GHOST RECON ADVANCED WARFIGHTER

27 Dec 2014 Posted by RILEY

 

DOWNLOAD NOW
dropbox.com


mediafire.com


4shared.com


zippyshare.com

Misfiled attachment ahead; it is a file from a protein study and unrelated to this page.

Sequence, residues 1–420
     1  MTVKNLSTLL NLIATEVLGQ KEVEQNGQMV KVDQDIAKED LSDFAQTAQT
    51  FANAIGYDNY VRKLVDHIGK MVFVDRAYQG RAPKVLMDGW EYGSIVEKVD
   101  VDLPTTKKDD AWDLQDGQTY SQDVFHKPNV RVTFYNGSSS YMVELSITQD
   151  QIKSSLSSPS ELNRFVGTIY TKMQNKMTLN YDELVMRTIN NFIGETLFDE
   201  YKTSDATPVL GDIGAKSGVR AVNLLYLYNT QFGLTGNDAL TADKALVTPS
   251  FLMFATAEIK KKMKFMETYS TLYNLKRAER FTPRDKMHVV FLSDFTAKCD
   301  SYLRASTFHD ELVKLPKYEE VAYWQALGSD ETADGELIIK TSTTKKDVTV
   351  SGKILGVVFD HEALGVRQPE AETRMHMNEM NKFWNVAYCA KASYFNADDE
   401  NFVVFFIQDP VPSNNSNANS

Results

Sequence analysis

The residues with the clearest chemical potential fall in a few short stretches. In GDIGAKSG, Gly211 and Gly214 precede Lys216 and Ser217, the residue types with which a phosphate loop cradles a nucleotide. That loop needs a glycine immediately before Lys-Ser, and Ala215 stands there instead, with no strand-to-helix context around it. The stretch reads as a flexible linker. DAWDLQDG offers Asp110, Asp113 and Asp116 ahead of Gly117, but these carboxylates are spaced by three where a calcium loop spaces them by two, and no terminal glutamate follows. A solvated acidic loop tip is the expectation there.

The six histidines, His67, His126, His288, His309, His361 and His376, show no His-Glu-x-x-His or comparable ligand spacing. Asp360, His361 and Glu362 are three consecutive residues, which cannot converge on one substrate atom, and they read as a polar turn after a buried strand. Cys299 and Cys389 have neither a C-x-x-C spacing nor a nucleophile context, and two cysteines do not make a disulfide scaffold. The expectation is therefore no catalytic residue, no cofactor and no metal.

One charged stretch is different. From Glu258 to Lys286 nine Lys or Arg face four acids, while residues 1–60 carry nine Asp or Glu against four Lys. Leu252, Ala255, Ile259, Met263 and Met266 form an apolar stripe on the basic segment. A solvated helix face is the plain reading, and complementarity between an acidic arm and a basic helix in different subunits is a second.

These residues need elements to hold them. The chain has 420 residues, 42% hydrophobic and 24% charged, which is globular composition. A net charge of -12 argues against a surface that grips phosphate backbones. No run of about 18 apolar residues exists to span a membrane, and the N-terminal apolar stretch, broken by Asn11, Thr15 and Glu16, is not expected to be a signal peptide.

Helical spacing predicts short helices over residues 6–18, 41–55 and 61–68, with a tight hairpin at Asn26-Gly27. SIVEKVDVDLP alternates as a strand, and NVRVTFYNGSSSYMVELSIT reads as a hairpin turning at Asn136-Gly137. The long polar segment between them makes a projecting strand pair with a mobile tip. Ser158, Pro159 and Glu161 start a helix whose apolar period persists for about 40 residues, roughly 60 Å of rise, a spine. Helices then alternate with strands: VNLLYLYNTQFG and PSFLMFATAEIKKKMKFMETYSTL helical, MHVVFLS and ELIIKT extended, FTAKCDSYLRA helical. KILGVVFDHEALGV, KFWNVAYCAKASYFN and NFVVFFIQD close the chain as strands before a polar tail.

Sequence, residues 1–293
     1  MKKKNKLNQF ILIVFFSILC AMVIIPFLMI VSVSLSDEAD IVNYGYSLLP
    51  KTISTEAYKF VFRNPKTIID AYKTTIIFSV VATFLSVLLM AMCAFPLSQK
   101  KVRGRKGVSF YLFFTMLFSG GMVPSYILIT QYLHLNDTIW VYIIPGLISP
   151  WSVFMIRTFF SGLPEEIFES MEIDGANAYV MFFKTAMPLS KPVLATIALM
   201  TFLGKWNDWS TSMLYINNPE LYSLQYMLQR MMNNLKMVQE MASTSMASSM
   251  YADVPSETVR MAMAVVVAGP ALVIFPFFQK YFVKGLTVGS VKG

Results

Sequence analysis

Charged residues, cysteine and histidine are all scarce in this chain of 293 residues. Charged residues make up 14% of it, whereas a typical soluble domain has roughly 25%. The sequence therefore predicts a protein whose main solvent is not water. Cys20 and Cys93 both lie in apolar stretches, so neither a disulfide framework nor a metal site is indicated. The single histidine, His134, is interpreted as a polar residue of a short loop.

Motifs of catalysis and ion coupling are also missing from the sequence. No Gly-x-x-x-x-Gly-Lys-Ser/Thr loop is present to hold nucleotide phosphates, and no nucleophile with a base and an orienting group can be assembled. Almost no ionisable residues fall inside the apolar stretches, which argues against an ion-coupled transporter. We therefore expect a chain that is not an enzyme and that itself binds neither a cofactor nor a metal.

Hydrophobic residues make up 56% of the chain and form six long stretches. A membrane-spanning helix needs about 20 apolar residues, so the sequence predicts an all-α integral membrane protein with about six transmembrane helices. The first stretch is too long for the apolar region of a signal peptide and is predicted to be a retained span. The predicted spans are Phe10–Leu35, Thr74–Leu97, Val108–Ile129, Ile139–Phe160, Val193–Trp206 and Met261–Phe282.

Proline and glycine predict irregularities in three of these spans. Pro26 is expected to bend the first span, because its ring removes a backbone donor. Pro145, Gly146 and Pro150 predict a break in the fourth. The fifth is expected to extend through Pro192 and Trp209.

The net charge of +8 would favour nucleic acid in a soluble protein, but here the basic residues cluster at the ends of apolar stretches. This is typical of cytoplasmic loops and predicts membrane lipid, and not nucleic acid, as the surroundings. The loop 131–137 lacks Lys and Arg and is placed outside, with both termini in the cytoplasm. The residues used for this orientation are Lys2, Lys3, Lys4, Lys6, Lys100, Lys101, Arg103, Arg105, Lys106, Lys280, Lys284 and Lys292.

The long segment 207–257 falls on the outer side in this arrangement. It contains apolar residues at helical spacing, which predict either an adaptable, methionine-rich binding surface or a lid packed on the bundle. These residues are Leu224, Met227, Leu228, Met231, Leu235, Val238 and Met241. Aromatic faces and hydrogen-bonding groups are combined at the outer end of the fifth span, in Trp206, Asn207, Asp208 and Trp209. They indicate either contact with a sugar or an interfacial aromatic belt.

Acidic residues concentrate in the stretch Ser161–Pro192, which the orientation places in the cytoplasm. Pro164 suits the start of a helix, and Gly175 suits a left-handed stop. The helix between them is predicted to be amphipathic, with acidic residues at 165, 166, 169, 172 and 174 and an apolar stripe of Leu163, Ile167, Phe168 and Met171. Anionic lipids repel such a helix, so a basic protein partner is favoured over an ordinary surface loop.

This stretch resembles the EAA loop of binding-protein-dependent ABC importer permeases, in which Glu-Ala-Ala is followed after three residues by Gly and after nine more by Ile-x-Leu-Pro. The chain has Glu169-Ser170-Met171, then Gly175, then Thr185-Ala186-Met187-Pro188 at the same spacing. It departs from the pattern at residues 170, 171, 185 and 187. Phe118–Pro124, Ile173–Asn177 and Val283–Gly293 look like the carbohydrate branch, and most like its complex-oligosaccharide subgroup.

A few of the four available battlefields also look sharp at times, at least when you don't run into graphical blips and bugs. At the ground level, AI-controlled foot soldiers phase right through stone walls and other obstacles like ghosts, while you get caught up on them and have to press a button to awkwardly volley over. Taking down zeppelins should be a dramatic affair, except that when they come plummeting out of the sky in a ball of flame, they actually phase through the ground and disappear rather than crash and explode. These quirks deaden the impact of third-person combat to an extent. It ain't easy being the Antichrist. In adventure/puzzle game Lucius, you experience the trials and tribulations of being the firstborn son of the big red guy with the horns. As you might expect given the young lad's pedigree, when he suffers growing pains, they involve a sizable body count. Lucifer is a demanding daddy, who wants souls in exchange for building the tyke up with telekinetic powers. All this contributes to a grim but promising setting where your only goal is to figure out how to murder the folks on the devil's hit list. Unfortunately, this darkly innovative premise is not implemented well, due to a reliance on pixel hunts, and you're dropped onto the scene with just pop's orders to start killing. There are other minor attractions throughout the Hong Kong of Sleeping Dogs. You can bet on cockfights, for instance, or sail out to a gambling barge for a bit of poker mahjong. And a social hub ranks you against your friends on mission performance as well as a host of other challenges, like longest bike jump and most cash earned by running down parking meters in rapid succession. Goofing around and pursuing high marks on these leaderboards is fun, but it's the atmospheric city and the varied story missions that make Sleeping Ghost Recon Advanced Warfighter an alluring adventure. It may have more violence than you'd want in a typical vacation, but this is still a fun-filled Hong Kong getaway that will leave you with many happy memories. There are other minor attractions throughout the Hong Kong of Sleeping Dogs. You can bet on cockfights, for instance, or sail out to a gambling barge for a bit of poker mahjong. And a social hub ranks you against your friends on mission performance as well as a host of other challenges, like longest bike jump and most cash earned by running down parking meters in rapid succession. Goofing around and pursuing high marks on these leaderboards is fun, but it's the atmospheric city and the varied story missions that make Sleeping Ghost Recon Advanced Warfighter an alluring adventure. It may have more violence than you'd want in a typical vacation, but this is still a fun-filled Hong Kong getaway that will leave you with many happy memories. There are other minor attractions throughout the Hong Kong of Sleeping Dogs. You can bet on cockfights, for instance, or sail out to a gambling barge for a bit of poker mahjong. And a social hub ranks you against your friends on mission performance as well as a host of other challenges, like longest bike jump and most cash earned by running down parking meters in rapid succession. Goofing around and pursuing high marks on these leaderboards is fun, but it's the atmospheric city and the varied story missions that make Sleeping Ghost Recon Advanced Warfighter an alluring adventure. It may have more violence than you'd want in a typical vacation, but this is still a fun-filled Hong Kong getaway that will leave you with many happy memories. A mix of all events makes up the Showdown Tour career mode. There are four stages to play through, each consisting of 15 events that take you on a tour of the world. There are the colourful lights and sharp corners of Tokyo; the dusty roads and sweeping drifts of the Baja California circuits; the slippery snow-covered slopes of Colorado; and the wide-open industrial spaces of Battersea. All are beautifully presented, showcasing the typically great circuit design that Codemasters is famed for. The ability to purchase new cars or upgrade their basic stats such as power and handling using money you earn is a nice incentive to progress, but without a narrative or character to develop, it can get a little tiresome. As before, most foes must be weakened with your flashlight, a road flare, or some other light source before they're vulnerable to attack. While it's a bummer that you have fewer opportunities for creatively using light to take down enemies, there's more raw firepower kicking around, which readily scratches a different itch than what you'd expect from the series. Picking up a hardware-store nail gun and piercing a nearby enemy's face full of sharp projectiles does indeed make you feel like a real badass. Other cool killing kits, such as a crossbow, a sawed-off shotgun, a Magnum, a mini-Uzi, and an assault rifle, offer plentiful and satisfying new ways to dispatch the nocturnal horrors that come crawling at you. A mix of all events makes up the Showdown Tour career mode. There are four stages to play through, each consisting of 15 events that take you on a tour of the world. There are the colourful lights and sharp corners of Tokyo; the dusty roads and sweeping drifts of the Baja California circuits; the slippery snow-covered slopes of Colorado; and the wide-open industrial spaces of Battersea. All are beautifully presented, showcasing the typically great circuit design that Codemasters is famed for. The ability to purchase new cars or upgrade their basic stats such as power and handling using money you earn is a nice incentive to progress, but without a narrative or character to develop, it can get a little tiresome. Defeated enemies land in The Island, a place of quiet servitude where you assign tasks for your own gain to the creatures that dared stand against you. If you want more treasures to purchase at the gift shop or energy if your life is getting drained too quickly, then make sure you have a monster working in a section that doles out the rewards you most desire. It's a neat idea, and seeing your demoralized foes doing busywork on your behalf is a clever way to reintroduce vanquished baddies, but the presents you receive don't have much impact on your adventure. Plus, you can assign only 80 monsters at a time to do your work, and because there are 100 in the game, one fifth of them might sit around doing nothing. Defeated enemies land in The Island, a place of quiet servitude where you assign tasks for your own gain to the creatures that dared stand against you. If you want more treasures to purchase at the gift shop or energy if your life is getting drained too quickly, then make sure you have a monster working in a section that doles out the rewards you most desire. It's a neat idea, and seeing your demoralized foes doing busywork on your behalf is a clever way to reintroduce vanquished baddies, but the presents you receive don't have much impact on your adventure. Plus, you can assign only 80 monsters at a time to do your work, and because there are 100 in the game, one fifth of them might sit around doing nothing. There are many peaks and valleys in An Elysian Tail, and it's that uneven rhythm that keeps this adventure from greatness. When you're mesmerized by the gorgeous environments or you're about to uncover a stubborn secret, it's hard to pull away from this engrossing downloadable game. But then you're forced to partake in repetitive combat or listen to drab characters prattle on endlessly, and you yearn for something better. But An Elysian Tail usually overcomes its missteps to offer a pleasurable experience. And once you're sucked in, there is so much content that you can spend more than a dozen hours exploring this land. Dust: An Elysian Tail struggles at times, but there's an awful lot of charm buried within. Each member of the 13-character roster has his or her own story to tell, and they have a lot to say. The overarching tale is the mystery of the P-1 Grand Prix: a fighting tournament taking place within the television world. For those who really want to sink their teeth into this, there are branching story paths within certain characters' storylines. These paths can offer additional insight or lead to some strange alternate endings--which adds some extra replayability. Sadly, the presentation of this mode is not as interesting. It's mostly two character portraits talking back and forth in 15- to 20-minute text-filled blocks--a static (if not efficient) form that will quickly bore all but the most enthusiastic. Each member of the 13-character roster has his or her own story to tell, and they have a lot to say. The overarching tale is the mystery of the P-1 Grand Prix: a fighting tournament taking place within the television world. For those who really want to sink their teeth into this, there are branching story paths within certain characters' storylines. These paths can offer additional insight or lead to some strange alternate endings--which adds some extra replayability. Sadly, the presentation of this mode is not as interesting. It's mostly two character portraits talking back and forth in 15- to 20-minute text-filled blocks--a static (if not efficient) form that will quickly bore all but the most enthusiastic. Clearly, then, you must venture forth and find three feathers. To find them, you must solve puzzles. Just like in Machinarium, many of the solutions lie on a single screen, or at least within a set level. There are very few fetch quests, and no long-winded dialogue trees for you to decipher, since your band of creatures speak only in simple chirps. Often it's simply a case of clicking things in the right order, figuring out the correct path to take, or interacting with objects in different ways by swinging, pushing, or squeezing them. A barking bug guards one of the feathers you seek. Your first few clicks do nothing but cause the bug to bark more. A subtle glow surrounding your creatures hints at a solution. Most of the minigame types are repeated, but the rhythms and forms they take are different to the point that the reuse of gametypes is never unwelcome. The music is wonderful; it's a mixture of original pieces and new arrangements of classical tunes. Action plays out on the top screen, and you have audio cues, the characters' own actions, and an optional button guide to aid your timing. None of the games are challenging enough to become frustrating, although you can purchase power-ups before each minigame that either speed your performance meter's increase or slow its decrease. If you're finding things too easy, there's also an optional feature that requires you to perfect the minigame before you can proceed. The commander is just one role, however, and the rest of the players have a diverse array of options to choose from. There's a lot here, and chances are, after a bit of experimentation, you'll find at least one aspect of the game you really click with. The best way to approach the game isn't to think of it as having an overall learning curve, but a number of smaller spikes; focus on one aspect of the game, and you'll learn plenty by way of observation while doing so. Thankfully, the game's been designed exceptionally well to allow this. Every facet of both the Frontiersmen (marines) and Kharaa (alien) sides is important. It's very much like Team Ghost Recon Advanced Warfighter in that respect: every role has its place and purpose. With this flexible class system, Guild Wars 2 jettisons typical MMOG roles (healer, tank, and so on). This works out better in the game's enjoyable five-man dungeons than you would think, for a few reasons. First of all, every class has some kind of healing skill, so while no one player is dedicated to keeping teammates alive, everyone can contribute to the party's general health. You can revive a fallen player, too--and should you fall, you can even make a last-ditch effort to rejoin the fight. Furthermore, Guild Wars 2 allows you to use environmental objects and weapons, from rocks to ballistae, so if you need to knock down a pesky spellcaster and no one has a helpful skill, just grab a stone and throw it. More good news comes in the form of some nice multiplayer options. Kung Fu Strike: The Warrior's Rise features a cooperative mode that lets you play each available campaign mission with a friend. Both fighters have separate life meters and appear within the same field, so there's good potential for fun as teamwork allows you to vanquish otherwise difficult foes. The number of moving parts can lead to slowdown in a lot of fights (an occasional problem even when you're playing alone), but it's a fair trade-off. There's also the option to engage in a Versus mode in one of four arenas. The multiplayer offerings add value to a game that requires anywhere from five to eight hours to work through its main campaign. Once your shot is airborne, you can swipe at your projectile to nudge it in different directions. Simply guiding the ball into walls, turrets, and towers brings them toppling down, but there are also sneering goblins, bundles of dynamite, and floating power-ups to aim for. Tagging these things can boost your score and amplify your destructive power, so plotting your shots is as important as executing them. Early levels make it very clear what the best trajectories are, and a powerful, well-aimed shot will reap big rewards. Such straightforward accuracy can get you through later levels, but to earn high scores and better medals, you need to be more subtle with your aim, shot strength, and midair manipulation. While the core of Rebellion remains familiar, the gameplay has been stretched in significant ways. The three races of the earlier Sins games--the Advent, the Trader Emergency Coalition, and the Vasari--have been expanded to six with the creation of Loyalist and Rebel factions for each group. All are tricked out with new capital ships and unique tech. This isn't the typical expansion where each side gets a handful of new ships and guns. There are radical changes here. Vasari Loyalists, for instance, have a hate on for pretty much all other races, and can eat planets. The Vasari Rebels, on the other hand, are more easygoing when it comes to buddying up with other species, and they specialize in nanotechnology. Halo 4 is every bit the massive shooter package that its predecessors were, and it holds the series' standard high. The thrilling and emotional return of Master Chief and Cortana is the highlight, and the campaign breaks new ground in narrative quality for the franchise. The top-notch competitive multiplayer picks up where Halo: Reach left off, infusing the action with some mainstream elements while still remaining undeniably unique. Spartan Ops may stay a mere sideshow or prove its worth in the weeks to come, but there's no doubting that the next planned Halo trilogy is off to a great start. 343 Industries should be proud of what it has accomplished, and you should be excited to experience it for yourself. It's a simple setup that works brilliantly throughout each of the game's five stages--particularly as those stages are so well designed to begin with. Small islands covered with skyscrapers and concrete buildings float in a large expanse of blue water, encouraging you to fly between them and explore. There's not much to see, however, except for a lot of things to blow up. Each island is filled with all manner of enemies. Some fire easily dodged lasers at you. Others fire streams of pink energy blobs that require deft reflexes to escape. And there are those--like submarines and warships--that fire homing missiles at you, filling the screen with dozens of tiny rockets all intent on blowing you to smithereens. It's a gentle introduction to the simple point-and-click mechanics of Deponia, which encourage you to click on anything and everything. Most objects can be fiddled with in some way by looking at them, picking them up, or combining them with other objects, which often results in a cheeky quip from Rufus himself: "That explains why I've had such cheesy dreams," he remarks as you remove a mouldy sock from u